Hans Rüdi Giger was born in Chur, Switzerland in 1940. As a child, he suffered from nightmares and also had a fascination with skulls, bones, and Egyptian iconography (such as mummies). Another factor that influenced his work was growing up in close proximity to Nazi Germany in the Second World War.
Giger’s father wanted his son to become a pharmacist, following his own career path. Instead, H.R. Giger studied architecture and industrial design at the School of Applied Arts in Zurich. In the 1960s, he began a career as an industrial designer, but decided to pursue visual arts instead. His early works used ink and oil paints, eventually expanding to use airbrush.
By the 1970s, Giger was known for his strange, nightmarish images. He called the style “biomechanical”, exploring the relationships between bodies and machines. He cited Salvador Dalí and Ernst Fuchs as his inspiration for these works. Later, Dalí and Giger would meet and Dalí eventually showed Alejandro Jodorowsky (Chilean director, famous for Dune) Giger’s work.
Giger’s first foray into film was alongside Jodorowksy, working as a designer for concept art for Dune. That project stalled and Giger turned instead to focus on his own drawings. In 1977, he published his first major collection of these works in a book titled Necronomicon. Working with dark colors and metal sheens through the use of airbrush, Giger created nightmare images of creatures in nature and hooked up to machines.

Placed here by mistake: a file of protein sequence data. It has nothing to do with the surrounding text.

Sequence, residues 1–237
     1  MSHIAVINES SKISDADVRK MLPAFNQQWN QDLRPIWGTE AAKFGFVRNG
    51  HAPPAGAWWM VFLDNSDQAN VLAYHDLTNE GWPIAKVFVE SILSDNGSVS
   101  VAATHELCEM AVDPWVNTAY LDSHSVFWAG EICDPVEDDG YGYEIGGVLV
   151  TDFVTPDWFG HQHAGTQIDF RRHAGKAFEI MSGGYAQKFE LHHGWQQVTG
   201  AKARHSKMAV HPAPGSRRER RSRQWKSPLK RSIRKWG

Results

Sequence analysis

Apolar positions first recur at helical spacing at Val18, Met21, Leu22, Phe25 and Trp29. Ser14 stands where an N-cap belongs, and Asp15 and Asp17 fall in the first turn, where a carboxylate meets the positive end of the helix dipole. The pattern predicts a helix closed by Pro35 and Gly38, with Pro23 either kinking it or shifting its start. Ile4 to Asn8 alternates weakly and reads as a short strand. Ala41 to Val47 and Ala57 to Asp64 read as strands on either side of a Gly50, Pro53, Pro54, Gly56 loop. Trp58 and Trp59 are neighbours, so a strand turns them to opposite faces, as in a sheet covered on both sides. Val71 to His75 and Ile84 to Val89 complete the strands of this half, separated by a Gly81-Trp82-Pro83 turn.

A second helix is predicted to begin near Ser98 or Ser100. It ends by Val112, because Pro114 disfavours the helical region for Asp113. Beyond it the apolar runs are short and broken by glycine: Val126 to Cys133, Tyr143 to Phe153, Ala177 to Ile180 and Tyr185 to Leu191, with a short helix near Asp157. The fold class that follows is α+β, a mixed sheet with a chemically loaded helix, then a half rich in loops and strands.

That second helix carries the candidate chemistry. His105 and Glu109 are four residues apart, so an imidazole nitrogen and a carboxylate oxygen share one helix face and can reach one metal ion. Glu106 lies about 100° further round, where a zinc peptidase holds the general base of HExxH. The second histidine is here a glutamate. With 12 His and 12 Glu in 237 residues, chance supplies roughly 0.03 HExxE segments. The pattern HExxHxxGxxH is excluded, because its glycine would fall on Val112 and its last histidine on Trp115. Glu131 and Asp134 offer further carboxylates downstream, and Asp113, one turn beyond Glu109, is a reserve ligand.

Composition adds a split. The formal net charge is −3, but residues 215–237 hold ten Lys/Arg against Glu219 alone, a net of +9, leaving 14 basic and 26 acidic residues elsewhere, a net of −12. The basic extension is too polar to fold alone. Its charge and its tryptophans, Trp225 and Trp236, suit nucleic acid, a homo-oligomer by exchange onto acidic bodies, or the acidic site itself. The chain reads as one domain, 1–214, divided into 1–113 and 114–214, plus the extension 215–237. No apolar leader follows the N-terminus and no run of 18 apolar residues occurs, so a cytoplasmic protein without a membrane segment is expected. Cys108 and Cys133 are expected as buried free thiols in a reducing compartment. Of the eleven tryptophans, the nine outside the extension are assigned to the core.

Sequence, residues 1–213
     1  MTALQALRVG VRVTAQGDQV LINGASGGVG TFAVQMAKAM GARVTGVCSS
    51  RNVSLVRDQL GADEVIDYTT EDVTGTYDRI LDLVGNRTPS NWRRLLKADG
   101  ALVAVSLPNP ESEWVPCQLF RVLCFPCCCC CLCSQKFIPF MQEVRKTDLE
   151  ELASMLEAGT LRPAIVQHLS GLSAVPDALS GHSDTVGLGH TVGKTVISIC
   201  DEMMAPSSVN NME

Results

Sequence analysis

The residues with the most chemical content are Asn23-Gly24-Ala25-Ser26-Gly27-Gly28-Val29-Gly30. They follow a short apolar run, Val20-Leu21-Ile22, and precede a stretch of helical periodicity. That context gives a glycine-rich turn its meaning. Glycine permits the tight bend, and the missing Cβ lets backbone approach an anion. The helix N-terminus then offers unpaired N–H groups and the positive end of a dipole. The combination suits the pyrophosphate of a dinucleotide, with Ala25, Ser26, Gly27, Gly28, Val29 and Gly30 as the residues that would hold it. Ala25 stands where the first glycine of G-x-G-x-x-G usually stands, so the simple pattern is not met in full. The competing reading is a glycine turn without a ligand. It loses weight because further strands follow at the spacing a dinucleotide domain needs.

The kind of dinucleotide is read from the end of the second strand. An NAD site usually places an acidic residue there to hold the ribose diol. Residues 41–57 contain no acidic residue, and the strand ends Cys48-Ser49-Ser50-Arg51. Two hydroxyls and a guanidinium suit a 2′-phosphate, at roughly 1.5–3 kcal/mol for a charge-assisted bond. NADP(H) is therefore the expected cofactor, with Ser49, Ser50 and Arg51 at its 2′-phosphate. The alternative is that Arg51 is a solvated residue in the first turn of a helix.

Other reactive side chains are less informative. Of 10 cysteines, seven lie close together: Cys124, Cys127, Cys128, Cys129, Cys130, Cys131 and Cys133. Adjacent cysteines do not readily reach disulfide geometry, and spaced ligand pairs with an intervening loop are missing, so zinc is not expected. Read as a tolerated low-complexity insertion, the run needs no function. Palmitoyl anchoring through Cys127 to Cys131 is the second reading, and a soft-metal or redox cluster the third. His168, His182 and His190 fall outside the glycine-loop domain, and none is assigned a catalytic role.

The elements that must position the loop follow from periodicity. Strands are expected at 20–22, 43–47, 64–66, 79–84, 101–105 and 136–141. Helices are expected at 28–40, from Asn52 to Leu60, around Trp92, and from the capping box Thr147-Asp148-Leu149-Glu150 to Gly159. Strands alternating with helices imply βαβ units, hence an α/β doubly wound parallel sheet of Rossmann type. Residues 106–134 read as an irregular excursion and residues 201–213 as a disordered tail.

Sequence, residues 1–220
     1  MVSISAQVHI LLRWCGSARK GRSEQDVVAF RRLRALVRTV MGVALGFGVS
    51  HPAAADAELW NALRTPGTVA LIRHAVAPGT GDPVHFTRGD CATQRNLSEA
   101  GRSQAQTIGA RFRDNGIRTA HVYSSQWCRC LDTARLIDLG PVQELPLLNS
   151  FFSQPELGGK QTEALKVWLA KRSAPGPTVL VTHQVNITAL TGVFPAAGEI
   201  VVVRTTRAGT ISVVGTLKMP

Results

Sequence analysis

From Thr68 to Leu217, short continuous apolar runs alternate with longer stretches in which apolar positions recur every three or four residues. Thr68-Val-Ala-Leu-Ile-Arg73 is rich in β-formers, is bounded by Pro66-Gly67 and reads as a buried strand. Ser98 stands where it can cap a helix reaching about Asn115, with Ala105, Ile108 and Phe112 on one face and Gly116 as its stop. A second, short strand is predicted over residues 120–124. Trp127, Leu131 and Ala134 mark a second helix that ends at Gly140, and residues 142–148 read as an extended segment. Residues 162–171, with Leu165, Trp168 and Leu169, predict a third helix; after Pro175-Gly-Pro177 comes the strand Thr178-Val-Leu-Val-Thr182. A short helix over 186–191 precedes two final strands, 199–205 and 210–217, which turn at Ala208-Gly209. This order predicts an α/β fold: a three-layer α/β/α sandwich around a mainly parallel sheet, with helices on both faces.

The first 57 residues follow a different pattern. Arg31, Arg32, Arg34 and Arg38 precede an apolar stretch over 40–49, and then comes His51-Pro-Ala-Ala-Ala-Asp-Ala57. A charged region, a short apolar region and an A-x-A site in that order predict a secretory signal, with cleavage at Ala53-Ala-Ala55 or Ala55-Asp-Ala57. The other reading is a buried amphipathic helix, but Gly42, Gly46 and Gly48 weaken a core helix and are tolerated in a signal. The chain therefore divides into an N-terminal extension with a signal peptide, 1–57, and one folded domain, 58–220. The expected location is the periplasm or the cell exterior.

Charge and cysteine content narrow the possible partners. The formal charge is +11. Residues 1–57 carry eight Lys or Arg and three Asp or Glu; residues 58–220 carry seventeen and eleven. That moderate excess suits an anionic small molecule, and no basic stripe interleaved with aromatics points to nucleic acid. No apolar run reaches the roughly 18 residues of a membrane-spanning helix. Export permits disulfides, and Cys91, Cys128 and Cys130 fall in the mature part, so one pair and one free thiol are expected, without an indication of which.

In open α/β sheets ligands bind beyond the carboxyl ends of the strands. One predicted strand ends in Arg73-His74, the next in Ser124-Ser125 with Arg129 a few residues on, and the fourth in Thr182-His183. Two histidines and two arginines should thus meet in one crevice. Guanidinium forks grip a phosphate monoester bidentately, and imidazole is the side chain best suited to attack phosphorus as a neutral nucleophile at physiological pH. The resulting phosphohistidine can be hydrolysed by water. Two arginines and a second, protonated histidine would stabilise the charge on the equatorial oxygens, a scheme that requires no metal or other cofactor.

Director Ridley Scott saw a copy of this book and immediately knew he wanted H.R. Giger on the Alien team.
The famous creature with its oblong head and metallic body came from a combination of two creatures in the book. Though Giger is most known for his work with the Alien film series, he created numerous works for other films, album covers (such as Debbie Harry), and even video games.
In an attempt to put his work further into the world after numerous stalled projects, Giger created Giger Bars. These were a chance to step into the artist’s world, with alien-like skeletons in the stonework and chairs originally designed for Dune. The bars are located in Switzerland; a third one in Tokyo and a “Giger room” in New York no longer exist.
H.R. Giger’s home in Gruyère, Switzerland is now the home of the H.R. Giger museum. He acquired the Saint-Germain castle in 1998, and the people of the town did not want their home to be associated with Giger’s “satanic” images. Nonetheless, tourists regularly come to experience the largest repository of his works.
Giger died in 2014 after sustaining injuries from falling down stairs in his house. He was 74 years old. Giger is remembered for his frightening biomechanical images, and specifically for his contributions to Alien, for which he won an Oscar. Though he felt his Alien works overshadowed the rest of his career, Giger loved his creation. Now, his surrealist imagery is more relevant as 3D printing and genetic engineering push the body ever closer to the mechanical.